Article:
My contribution shows a methodological path to improve the educational environments through a specific linguistic practice, namely, the debate, conceived as a regulated relationship between opposing parties. Firstly, its great similarities with the game of chess stand out. Indeed, every chess match is played according to predetermined rules and within clear boundaries: the chessboard is the only space where black and white pieces can interact dialectically. Similarly, during a debate, opposite theses clash to confront their best arguments and thus identify which position is the prevailing one. Secondly, in the wake of this parallel, the purpose of implementing educational processes through the Socratic debate finds inspiration in concrete learning experiences: the specific case of a debating tournament is illustrated, recently held in digital form, which has been involving Italian high school students and teachers for over a decade, registering considerable participation and results. Starting from similar realities, my paper holds that new educational avenues can be imagined and developed both in higher educational institutions –such as universities– and public contexts as well, precisely because the debate is one of the ‘best practices’ to be promoted for the creation of stimulating environments. Thirdly, the article particularly argues for the need to exercise Socratic debate as a method to reach a personal dimension of truth –the goal of ‘Parrhesia’– and thus make rationally based decisions (‘choice-based learning’). Its dialectical dynamic allows for a selective comparison among the various linguistic alternatives at stake. Moreover, the ‘socratically oriented’ debate is presented to be the ideal tool for developing in those who experiment with it a sense of community belonging, as well as a set of skills that are increasingly relevant for social participation and the public dimension of existence (‘soft skills’). Furthermore, this kind of practice favors the emergence of mediative spaces (‘common grounds’) between the positions involved in the dialectical contest, thus contributing to building a more inclusive and pluralist society. Hence, the Socratic debate is displayed as a fundamental approach to forging a more participatory, honest, and responsible society.

    Women prosecuted for terrorism in the Basque Country: Deconstructing judicial, media, and NGOs discourse from a feminist perspective. Malena Maceira (Universidad de Buenos Aires)

    The aim of my research is to observe how ‘women terrorists’ are produced as subjects by existing discourses (Foucault, 1986) and if that production implies an extra element of punishment in the convictions that these women obtain. The production of subjects was observed through the critical analysis of discourses such as the ones that the justice system produces, the media, or the statements published by victims of terrorism’s organizations.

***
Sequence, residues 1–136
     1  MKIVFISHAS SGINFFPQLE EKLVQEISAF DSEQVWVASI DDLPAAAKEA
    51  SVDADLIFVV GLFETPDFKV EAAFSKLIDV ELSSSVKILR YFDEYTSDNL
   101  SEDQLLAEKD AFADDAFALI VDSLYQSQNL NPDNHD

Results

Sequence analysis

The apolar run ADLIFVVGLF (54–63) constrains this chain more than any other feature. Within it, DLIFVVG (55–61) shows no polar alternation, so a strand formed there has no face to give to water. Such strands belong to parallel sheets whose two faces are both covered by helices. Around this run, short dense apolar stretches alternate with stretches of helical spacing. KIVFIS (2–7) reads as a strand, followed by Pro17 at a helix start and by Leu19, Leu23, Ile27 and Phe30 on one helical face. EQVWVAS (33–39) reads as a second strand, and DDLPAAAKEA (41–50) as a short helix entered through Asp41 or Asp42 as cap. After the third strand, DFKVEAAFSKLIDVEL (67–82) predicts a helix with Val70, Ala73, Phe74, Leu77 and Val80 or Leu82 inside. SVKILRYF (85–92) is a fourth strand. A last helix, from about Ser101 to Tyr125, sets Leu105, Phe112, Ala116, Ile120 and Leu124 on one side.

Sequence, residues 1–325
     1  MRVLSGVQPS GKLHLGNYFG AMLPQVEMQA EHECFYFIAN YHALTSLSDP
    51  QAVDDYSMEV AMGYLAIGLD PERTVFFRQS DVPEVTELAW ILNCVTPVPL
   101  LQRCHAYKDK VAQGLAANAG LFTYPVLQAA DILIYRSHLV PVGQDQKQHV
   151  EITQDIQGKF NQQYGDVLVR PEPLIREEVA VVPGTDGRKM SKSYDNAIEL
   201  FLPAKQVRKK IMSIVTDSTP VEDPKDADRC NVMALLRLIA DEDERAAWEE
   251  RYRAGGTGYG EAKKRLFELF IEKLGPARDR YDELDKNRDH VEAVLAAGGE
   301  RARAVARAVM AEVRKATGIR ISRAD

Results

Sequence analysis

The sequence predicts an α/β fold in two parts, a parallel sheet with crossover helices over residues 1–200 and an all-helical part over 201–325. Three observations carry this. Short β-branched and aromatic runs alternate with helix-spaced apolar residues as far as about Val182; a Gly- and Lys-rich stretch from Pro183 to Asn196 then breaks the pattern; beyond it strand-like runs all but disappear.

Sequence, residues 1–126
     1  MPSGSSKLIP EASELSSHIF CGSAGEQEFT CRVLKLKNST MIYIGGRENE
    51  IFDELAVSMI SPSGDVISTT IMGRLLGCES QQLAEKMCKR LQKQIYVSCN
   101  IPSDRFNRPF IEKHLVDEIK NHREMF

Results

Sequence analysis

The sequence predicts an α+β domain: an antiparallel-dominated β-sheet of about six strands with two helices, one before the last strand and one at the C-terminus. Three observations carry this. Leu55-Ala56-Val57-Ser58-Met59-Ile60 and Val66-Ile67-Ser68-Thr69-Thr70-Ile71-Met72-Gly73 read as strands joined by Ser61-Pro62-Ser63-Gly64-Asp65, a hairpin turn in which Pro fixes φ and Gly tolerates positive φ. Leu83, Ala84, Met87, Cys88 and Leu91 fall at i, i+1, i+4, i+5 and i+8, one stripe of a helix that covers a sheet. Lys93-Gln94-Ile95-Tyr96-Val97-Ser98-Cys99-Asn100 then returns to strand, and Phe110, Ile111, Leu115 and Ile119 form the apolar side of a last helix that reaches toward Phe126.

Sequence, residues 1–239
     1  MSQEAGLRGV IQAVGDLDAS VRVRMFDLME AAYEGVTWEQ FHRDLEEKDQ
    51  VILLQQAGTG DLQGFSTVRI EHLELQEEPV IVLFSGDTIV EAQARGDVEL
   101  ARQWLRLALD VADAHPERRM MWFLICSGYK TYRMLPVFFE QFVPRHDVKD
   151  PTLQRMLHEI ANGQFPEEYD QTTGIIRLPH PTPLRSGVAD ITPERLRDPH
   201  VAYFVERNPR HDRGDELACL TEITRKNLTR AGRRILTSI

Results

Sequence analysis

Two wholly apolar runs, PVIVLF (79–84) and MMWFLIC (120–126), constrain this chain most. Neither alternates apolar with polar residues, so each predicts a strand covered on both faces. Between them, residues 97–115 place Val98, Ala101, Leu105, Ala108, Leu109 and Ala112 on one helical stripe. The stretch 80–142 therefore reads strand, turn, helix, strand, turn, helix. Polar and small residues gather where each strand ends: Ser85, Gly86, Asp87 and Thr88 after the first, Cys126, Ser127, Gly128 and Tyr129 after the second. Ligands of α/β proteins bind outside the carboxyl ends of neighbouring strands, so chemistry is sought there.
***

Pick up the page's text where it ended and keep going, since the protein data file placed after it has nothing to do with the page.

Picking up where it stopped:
In the research, I selected three cases where women took part in events that were –and still are, with nuances– considered political violent acts or acts of terrorism. By using Feminist Critical Discourse Analysis (Lazar, 2007) I gathered judges’ rulings from the Audiencia Nacional and the Tribunal Supremo in Spain that involved these three women. As well, as newspaper articles from four newspapers (two regional from the Basque country and two at the national level). Finally, I gathered the victims of terrorism’s organizations statements that were made regarding these three women.

    As for the findings of the research I have obtained strong evidence that women are produced as subjects that are located remotely from the idea of subject ‘women’ without the element of violence. It seems to prevail the idea that women are no capable to exercise violence without being considered as a monstrosity. This viewpoint is more nuanced in the rulings but very much openly debated within the newspapers articles and even more when observing the victims’ organizations. In addition, I can say that in part, the extra component of punishment that society applies to women that are considered ‘deviant’ exists, and it is easily observed through how the media reflects on the amount years of punishment that these women received.

    Therefore, from this starting point, I believe that further discussions remain regarding how these women are convicted and in which way their conviction is being executed. This translates into a research project that would shed light on the execution of punishment from a feminist perspective.

    Specters of Abolition: A Decolonial Reading of Slavery, Race and Law in Catalonia. Deo Szpiga (International Institute for the Sociology of Law, UPV/EHU)